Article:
Meat-Eating Veganism: Why Red Meat is Bad for You

Red meat has long been considered bad for health, but recent studies suggest otherwise. Is it really bad for you?

Red meat has long held a negative reputation for its high-fat content and cholesterol levels.

In fact, the American Heart Association recommends limiting the consumption of processed meats such as bacon, hot dogs, sausages, and ham.

However, new research suggests that does not necessarily increase the risk of heart disease or cancer. Some experts even believe that can be beneficial for certain conditions, such as osteoporosis.

10 Reasons To Stop Eating Red Meat

If you’re toying with the idea of going vegetarian (or at least flexitarian, for those who want to eat a portion of meat with their plants), this list is all the motivation you need.

The health and environmental costs of our meat-based food system might be enough to make you swap steak for salad – for good.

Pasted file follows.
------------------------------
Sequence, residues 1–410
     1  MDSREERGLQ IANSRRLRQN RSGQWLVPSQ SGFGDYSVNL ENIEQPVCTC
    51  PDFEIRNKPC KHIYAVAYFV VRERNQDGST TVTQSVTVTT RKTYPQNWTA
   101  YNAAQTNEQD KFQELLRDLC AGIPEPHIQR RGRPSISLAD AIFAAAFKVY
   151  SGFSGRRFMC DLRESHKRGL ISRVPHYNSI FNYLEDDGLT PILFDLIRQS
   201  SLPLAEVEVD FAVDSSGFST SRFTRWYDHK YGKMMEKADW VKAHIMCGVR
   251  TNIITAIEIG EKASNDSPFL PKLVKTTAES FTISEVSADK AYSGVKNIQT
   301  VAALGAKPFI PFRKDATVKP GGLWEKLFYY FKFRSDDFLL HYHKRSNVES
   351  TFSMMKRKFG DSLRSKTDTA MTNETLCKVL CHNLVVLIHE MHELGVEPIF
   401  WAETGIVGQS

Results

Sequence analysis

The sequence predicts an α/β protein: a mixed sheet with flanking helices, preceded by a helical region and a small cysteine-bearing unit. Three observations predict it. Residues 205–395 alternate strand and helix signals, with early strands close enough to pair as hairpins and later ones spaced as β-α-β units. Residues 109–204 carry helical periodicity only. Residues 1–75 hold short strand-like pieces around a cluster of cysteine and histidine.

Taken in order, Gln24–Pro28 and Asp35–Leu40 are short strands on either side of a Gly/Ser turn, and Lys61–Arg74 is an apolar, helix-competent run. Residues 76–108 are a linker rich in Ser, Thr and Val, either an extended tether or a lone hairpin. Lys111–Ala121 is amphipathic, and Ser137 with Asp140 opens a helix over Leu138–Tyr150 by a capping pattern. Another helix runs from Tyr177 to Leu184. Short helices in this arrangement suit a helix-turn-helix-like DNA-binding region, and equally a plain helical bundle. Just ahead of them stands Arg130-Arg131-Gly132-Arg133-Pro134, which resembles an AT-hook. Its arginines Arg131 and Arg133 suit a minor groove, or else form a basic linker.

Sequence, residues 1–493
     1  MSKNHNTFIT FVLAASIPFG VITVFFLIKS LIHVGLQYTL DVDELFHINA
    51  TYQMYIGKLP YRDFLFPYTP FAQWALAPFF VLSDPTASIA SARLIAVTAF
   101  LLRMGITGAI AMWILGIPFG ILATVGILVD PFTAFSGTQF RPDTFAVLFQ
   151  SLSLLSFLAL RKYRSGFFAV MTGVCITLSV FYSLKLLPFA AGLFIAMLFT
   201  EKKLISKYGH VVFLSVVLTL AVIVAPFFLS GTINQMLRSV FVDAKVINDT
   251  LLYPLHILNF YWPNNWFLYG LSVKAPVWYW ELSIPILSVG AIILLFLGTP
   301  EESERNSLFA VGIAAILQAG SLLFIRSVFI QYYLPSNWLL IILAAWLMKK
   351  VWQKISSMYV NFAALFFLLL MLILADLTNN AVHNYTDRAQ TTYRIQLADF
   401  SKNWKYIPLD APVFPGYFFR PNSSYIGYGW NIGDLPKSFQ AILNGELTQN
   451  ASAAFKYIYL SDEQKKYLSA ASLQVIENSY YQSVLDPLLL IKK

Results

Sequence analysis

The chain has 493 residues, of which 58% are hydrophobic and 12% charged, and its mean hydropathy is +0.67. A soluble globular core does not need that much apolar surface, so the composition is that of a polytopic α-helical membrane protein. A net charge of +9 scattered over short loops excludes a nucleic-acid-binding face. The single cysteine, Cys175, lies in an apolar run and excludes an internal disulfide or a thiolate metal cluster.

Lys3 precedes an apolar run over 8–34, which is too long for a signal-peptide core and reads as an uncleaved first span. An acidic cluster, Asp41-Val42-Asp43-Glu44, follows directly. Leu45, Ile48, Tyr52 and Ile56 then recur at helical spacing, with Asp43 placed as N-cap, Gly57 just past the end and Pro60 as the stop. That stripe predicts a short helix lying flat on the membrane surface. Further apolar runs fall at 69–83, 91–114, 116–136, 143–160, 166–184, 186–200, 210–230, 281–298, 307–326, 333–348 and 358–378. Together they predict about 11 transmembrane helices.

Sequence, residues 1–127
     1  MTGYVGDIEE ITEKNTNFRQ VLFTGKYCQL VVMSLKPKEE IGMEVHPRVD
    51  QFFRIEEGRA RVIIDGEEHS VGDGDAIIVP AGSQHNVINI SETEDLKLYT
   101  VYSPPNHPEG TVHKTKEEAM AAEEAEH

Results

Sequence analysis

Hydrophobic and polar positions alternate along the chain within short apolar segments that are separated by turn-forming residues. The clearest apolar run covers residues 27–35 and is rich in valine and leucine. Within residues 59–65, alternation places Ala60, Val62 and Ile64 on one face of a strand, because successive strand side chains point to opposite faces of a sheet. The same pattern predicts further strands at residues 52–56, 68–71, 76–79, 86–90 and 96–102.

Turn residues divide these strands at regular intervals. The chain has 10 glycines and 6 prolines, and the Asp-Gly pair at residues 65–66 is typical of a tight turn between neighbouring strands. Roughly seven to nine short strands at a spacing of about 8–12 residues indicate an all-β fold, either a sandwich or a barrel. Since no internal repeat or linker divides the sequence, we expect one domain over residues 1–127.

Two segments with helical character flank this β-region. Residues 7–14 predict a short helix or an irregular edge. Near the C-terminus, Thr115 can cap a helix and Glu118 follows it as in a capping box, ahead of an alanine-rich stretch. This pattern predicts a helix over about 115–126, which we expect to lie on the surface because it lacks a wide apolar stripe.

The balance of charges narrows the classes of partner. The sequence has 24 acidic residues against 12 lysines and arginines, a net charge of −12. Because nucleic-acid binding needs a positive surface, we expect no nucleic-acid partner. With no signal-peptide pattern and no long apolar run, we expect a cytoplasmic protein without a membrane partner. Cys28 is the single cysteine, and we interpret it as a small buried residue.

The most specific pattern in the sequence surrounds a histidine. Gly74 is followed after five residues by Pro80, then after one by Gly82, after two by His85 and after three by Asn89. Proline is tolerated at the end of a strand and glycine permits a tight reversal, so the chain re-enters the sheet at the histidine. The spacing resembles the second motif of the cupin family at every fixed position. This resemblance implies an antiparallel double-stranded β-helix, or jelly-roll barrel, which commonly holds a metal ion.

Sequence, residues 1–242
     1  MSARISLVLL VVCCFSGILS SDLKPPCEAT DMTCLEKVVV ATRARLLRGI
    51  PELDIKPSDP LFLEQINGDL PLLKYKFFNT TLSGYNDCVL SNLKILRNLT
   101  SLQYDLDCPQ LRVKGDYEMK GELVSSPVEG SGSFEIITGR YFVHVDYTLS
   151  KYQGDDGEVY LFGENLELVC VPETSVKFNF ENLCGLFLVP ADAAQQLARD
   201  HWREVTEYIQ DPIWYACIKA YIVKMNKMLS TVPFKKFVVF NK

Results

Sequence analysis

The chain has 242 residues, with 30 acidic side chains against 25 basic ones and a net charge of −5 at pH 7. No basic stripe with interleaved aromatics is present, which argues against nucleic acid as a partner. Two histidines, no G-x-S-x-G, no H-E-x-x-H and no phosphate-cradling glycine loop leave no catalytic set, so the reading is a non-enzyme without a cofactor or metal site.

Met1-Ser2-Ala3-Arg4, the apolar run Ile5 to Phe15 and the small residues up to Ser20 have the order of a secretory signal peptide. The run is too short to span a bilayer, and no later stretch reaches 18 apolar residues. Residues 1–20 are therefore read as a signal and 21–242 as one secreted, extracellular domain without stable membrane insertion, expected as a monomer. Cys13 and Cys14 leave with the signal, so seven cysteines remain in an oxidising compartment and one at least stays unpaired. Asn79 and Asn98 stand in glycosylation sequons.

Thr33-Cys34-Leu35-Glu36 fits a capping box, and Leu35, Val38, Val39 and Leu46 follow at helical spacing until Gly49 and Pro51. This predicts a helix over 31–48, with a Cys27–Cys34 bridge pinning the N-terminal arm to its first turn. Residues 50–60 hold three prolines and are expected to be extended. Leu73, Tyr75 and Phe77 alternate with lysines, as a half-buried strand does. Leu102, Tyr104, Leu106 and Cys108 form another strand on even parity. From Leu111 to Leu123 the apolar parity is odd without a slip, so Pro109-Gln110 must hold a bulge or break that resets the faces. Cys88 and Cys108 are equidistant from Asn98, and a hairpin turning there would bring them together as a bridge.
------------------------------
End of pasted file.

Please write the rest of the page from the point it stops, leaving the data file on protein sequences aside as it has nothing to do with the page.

1. Eating meat hardens blood vessels

A compound called carnitine, found in it (and even used as an additive in some energy drinks), may cause atherosclerosis, the hardening or clogging of arteries, according to a study published in the journal Nature Medicine.

The study, which involved more than 2,500 vegans, vegetarians, and heart patients who eat anything, suggests that carnitine is converted by bacteria in the gut into a heart-damaging compound, trimethylamine-N-oxide (TMAO).

The researchers found that elevated carnitine levels predicted an increased risk of cardiovascular disease.

2. Your vegetarian friends might outlive you


A Harvard School of Public Health study discovered a link between eating meat and having a shorter lifetime.

Consuming protein from more beneficial sources, such as fish, poultry, nuts, and legumes, was linked to a lower risk of death.

According to Larry Santora, MD, medical director of the Dick Butkus Center for Cardiovascular Wellness at Saint Joseph Hospital in Orange, California, “we know processed it like hot dogs and salami are the worst.